For the next version of windows, Vista, I think there there should be some sort of mechanism for the operating system to hook into programs to perform operations like save, and that all open files that require to be saved, should be saved into a special folder and not over the existing file.

The other mistake that I think Microsoft have made is that they have highly promoted the 'Security Center' as the single interface for controlling things like the Windows firewall and automatic updates. What will happen when a user wakes up one morning and the demo of Call of Duty 2 that they were downloading overnight had managed to get to 99% before auto update rebooted the machine?

Well, the chances are that the user will go straight into the Security Center to look for an option of turning the auto reboot off.... They won't be able to find it, and the closest they will get is to choose the option that downloads the updates and requires the user to confirm the installation. In my opinion, this option is not very good, because people will most likely be busy at the point that they are asked and dismiss the dialog.

Other users may interpret the fatal 'Turn off Automatic Updates' as the option that they require, thus defeating the whole purpose of the mechanism. A simple option - 'Automatically install updates, but ask for confirmation before rebooting' - would, I think, be well suited to being the 2nd option in the list.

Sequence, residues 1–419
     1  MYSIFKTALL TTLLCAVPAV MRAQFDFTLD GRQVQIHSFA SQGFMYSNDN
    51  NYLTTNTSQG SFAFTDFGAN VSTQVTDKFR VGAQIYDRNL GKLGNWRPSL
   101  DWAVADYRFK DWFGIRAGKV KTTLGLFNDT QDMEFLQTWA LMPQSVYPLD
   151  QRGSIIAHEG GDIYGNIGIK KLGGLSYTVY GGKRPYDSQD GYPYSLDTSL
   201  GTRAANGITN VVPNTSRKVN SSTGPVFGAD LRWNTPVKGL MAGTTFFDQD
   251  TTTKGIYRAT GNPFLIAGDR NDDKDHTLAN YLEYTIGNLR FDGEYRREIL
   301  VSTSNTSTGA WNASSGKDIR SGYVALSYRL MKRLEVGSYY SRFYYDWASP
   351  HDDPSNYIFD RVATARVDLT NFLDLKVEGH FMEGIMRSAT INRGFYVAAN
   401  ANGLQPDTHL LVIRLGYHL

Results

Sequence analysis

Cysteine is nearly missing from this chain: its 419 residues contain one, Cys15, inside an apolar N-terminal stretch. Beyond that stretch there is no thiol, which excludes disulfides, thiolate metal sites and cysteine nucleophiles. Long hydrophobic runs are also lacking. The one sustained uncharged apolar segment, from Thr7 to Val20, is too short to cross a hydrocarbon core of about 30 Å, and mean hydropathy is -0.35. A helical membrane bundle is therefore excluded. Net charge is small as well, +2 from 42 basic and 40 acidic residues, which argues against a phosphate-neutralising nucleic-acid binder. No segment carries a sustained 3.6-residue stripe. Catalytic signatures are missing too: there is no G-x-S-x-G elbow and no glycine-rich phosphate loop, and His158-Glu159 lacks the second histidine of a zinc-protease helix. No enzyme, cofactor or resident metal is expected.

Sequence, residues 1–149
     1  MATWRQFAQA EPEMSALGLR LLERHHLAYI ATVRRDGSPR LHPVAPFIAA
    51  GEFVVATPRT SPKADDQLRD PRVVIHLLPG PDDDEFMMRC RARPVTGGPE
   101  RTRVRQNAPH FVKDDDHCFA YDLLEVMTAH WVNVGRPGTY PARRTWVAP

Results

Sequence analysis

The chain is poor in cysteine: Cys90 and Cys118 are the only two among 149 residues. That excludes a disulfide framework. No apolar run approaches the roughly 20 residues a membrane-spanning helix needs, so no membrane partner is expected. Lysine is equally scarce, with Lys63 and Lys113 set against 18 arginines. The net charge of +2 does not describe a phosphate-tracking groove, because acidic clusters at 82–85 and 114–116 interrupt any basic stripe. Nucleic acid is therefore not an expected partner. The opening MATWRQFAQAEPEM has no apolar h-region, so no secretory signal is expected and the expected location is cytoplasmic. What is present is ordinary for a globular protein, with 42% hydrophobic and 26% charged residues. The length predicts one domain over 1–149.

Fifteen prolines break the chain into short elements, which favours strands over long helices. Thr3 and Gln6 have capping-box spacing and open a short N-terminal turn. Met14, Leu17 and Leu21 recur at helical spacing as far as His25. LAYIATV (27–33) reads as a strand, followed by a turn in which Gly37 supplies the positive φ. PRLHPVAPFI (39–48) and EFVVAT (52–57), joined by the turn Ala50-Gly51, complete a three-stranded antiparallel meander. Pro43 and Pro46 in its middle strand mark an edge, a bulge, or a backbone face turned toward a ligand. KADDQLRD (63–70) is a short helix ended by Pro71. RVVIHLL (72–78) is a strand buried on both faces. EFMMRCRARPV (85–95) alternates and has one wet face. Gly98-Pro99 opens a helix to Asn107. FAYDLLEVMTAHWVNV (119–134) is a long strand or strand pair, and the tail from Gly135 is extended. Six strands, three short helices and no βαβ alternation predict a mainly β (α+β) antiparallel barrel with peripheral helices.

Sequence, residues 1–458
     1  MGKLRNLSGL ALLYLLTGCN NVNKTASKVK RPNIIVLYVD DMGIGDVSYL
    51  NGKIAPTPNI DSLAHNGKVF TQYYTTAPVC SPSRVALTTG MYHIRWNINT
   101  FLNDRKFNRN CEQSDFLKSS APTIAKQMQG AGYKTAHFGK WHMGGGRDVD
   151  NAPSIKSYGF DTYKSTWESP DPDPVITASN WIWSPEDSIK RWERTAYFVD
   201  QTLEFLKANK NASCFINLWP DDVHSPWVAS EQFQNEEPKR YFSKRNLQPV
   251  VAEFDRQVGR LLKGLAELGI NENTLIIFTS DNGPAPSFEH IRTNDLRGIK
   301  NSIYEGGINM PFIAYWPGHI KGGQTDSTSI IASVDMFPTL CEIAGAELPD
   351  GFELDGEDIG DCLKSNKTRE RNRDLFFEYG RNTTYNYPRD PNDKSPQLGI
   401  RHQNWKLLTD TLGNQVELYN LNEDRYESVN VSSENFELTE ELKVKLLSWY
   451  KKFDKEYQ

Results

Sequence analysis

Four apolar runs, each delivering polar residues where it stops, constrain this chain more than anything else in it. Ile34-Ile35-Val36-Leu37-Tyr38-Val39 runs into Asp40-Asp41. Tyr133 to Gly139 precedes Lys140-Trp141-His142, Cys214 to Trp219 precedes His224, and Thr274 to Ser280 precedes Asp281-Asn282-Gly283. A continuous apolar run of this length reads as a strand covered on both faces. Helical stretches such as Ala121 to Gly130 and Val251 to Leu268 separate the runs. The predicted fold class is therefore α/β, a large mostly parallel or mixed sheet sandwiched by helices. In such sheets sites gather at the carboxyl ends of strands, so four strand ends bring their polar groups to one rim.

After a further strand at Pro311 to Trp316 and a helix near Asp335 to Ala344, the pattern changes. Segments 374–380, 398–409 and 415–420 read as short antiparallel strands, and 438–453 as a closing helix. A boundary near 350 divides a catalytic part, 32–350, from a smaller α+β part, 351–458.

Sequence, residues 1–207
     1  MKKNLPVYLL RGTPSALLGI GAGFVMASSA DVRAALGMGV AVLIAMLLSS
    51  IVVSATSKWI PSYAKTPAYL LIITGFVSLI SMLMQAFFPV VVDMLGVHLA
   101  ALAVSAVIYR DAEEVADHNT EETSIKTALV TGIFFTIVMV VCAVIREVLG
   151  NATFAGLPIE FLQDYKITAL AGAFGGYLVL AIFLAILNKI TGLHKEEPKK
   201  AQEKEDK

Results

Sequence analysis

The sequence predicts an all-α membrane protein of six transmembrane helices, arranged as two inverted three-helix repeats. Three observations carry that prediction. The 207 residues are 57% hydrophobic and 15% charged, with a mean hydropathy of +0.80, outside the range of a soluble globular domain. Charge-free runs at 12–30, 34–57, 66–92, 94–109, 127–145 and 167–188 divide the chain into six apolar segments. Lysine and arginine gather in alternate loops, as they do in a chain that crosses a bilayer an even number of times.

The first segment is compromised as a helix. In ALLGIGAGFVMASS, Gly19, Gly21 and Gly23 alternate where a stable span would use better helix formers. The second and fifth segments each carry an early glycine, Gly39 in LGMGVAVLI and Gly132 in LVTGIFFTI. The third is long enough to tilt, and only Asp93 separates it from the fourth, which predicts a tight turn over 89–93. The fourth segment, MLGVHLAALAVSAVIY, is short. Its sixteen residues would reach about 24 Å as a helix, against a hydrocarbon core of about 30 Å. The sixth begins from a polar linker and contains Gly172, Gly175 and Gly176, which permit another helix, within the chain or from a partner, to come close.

For now, however, it is possible to turn off the automatic reboot and be able to choose when you want to reboot your machine, as follows:

  1. Go to Start->Run and type gpedit.msc, this will open the Group Policy Editor
  2. Navigate to Local Computer Policy->Administrative Templates->Windows Components
  3. Click 'Windows Update'
  4. In the right-hand pane, double-click on 'No auto-restart for scheduled Automatic Updates installations'
  5. Select the 'Enabled' radio button
  6. Click OK
  7. Sleep easy in the knowledge that your PC will still be doing what you left it doing when you wake up in the morning (barring power cuts, crashes etc...)
Another thing that you may find annoying when you are actually at your PC is the associated message box that says that a recent update requires a restart of your machine, and you can restart now or restart later; if you choose later, the same box will pop up 10 minutes later with the same options.

Follow steps 1-3 as above, then:

  1. Double-click 'Re-prompt for restart with scheduled installations'
  2. Here you can choose disabled (not recommended), or choose enabled and set the wait period below to be something more acceptable, like 60 minutes.
  3. Click OK
After this you can close the Group Policy Editor, I'm not sure whether you need to reboot after making these changes, but at least that's a decision that you can make.....

[Update: Roy Osherove has posted about a free tool called WhyReboot?, which lists pending updates for files to help you decide better whether you need to reboot. Thanks Roy.]